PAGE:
Stamp, LA ; Lei, E ; Liew, JJM ; Pustovit, R ; Hao, MM ; Croaker, DH ; Furness, JB ; Adams, CD (OXFORD UNIV PRESS, 2022-01-10)
    Hirschsprung disease occurs when children are born with no intrinsic nerve cells in varying lengths of the large intestine. In the most severe cases, neurons are also missing from the distal part of the small intestine. Nerve-mediated relaxation of the aganglionic bowel fails and fecal matter accumulates in the more proximal regions of the intestine. This is life threatening. Perforation of the bowel can ensue, causing sepsis and in some cases, death of the infant. Repopulation of the colon with neural stem cells is a potential therapy, but for this to be successful the patient or experimental animal needs to survive long enough for neural precursors to differentiate and make appropriate connections. We have developed a surgical procedure that can be applied to rats with Hirschsprung disease. A stoma was created to allow the normal bowel to empty and a second stoma leading to the aganglionic bowel was also created. This allowed homozygous mutants that would usually die at less than 3 weeks of age to survive into adulthood. During this time, the rats also required post-operative care of their stomas. The interventions we describe provide an animal model of Hirschsprung disease that is suited to assess the effectiveness of cell therapies in the treatment of this condition.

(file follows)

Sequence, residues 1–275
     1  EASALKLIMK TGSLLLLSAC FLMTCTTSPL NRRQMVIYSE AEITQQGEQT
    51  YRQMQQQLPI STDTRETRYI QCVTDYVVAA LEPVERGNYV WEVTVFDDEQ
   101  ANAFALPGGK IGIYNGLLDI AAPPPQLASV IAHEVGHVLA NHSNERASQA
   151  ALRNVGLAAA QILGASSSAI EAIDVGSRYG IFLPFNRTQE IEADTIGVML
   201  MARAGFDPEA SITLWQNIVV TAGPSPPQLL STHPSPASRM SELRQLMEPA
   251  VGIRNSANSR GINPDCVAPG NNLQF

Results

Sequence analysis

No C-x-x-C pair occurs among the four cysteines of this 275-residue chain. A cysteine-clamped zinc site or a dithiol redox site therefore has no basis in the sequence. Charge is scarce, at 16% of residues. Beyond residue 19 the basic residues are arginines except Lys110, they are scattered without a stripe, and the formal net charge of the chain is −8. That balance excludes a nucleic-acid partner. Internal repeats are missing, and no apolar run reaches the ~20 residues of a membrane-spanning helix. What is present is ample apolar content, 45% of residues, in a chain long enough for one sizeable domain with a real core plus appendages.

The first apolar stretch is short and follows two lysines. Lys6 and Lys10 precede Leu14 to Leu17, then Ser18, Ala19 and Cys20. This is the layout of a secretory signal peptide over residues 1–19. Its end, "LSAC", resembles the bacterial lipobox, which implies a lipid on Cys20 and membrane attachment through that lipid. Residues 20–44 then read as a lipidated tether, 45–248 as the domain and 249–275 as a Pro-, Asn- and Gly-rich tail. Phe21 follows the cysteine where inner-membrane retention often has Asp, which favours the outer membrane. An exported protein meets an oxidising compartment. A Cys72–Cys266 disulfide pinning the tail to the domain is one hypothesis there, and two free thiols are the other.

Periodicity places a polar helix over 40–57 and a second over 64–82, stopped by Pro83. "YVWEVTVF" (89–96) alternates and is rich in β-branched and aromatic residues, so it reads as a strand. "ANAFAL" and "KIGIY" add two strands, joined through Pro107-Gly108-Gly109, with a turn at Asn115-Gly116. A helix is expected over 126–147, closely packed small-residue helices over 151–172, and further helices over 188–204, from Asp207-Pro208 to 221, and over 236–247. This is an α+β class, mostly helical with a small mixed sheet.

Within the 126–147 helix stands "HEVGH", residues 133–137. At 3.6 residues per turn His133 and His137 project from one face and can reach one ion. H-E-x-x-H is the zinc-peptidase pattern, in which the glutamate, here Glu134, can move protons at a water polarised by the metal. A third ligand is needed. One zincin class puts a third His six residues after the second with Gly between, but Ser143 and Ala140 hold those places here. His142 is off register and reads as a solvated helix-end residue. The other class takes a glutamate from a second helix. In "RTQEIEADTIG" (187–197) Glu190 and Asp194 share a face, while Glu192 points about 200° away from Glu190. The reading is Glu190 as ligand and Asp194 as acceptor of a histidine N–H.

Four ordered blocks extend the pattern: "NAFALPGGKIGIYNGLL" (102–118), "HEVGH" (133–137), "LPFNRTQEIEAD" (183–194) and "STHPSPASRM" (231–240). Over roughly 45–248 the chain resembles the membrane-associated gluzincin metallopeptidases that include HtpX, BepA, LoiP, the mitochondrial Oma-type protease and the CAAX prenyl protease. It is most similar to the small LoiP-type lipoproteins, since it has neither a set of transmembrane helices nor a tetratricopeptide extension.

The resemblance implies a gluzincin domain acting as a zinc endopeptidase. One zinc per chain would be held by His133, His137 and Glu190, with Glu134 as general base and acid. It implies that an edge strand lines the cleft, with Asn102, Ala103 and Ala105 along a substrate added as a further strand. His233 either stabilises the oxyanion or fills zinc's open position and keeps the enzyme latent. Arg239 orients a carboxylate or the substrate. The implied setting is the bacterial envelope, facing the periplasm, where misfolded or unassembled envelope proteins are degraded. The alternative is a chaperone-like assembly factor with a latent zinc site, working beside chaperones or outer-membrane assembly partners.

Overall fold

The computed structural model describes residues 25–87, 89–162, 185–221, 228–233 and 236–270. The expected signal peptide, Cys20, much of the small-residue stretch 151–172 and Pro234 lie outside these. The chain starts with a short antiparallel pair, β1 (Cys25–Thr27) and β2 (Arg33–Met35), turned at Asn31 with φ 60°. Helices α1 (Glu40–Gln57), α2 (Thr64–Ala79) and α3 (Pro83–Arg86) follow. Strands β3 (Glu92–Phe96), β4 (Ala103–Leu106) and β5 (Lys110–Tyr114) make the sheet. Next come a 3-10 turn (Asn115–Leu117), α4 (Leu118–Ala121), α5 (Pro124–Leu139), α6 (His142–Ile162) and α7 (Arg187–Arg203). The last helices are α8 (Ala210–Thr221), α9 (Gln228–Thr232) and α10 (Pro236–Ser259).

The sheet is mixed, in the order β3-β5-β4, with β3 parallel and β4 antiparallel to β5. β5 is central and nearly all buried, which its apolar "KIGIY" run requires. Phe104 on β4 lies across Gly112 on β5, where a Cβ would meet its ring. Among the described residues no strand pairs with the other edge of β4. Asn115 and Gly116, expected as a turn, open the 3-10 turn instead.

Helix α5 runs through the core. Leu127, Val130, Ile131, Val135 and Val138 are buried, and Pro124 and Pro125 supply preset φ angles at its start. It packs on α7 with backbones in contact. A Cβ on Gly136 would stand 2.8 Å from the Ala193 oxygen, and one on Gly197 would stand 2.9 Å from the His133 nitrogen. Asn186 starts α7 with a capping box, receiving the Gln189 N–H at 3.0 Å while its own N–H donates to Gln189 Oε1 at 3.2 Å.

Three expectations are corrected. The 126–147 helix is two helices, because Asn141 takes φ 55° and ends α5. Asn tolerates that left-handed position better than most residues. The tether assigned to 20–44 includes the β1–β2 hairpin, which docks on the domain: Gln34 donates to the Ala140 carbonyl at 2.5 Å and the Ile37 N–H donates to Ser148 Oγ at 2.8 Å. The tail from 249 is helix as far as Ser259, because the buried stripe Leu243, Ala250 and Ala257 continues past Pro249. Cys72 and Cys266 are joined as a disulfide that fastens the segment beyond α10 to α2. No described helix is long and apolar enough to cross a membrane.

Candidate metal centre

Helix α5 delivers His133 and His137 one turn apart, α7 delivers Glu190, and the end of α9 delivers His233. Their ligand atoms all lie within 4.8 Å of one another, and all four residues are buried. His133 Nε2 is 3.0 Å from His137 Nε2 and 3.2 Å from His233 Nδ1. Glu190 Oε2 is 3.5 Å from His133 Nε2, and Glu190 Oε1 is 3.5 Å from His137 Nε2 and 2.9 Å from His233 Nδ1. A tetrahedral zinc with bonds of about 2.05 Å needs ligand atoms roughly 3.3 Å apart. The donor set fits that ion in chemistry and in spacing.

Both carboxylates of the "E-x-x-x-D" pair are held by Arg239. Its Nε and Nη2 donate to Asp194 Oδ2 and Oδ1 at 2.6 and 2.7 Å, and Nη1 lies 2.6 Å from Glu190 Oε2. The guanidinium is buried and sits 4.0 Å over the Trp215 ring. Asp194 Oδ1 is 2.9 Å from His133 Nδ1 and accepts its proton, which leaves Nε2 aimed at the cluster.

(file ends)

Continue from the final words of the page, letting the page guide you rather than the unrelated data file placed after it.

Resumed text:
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    Morphologies, dimensions and targets of gastric nitric oxide synthase neurons
    Di Natale, MR ; Hunne, B ; Liew, JJM ; Fothergill, LJ ; Stebbing, MJ ; Furness, JB (SPRINGER, 2022-02-11)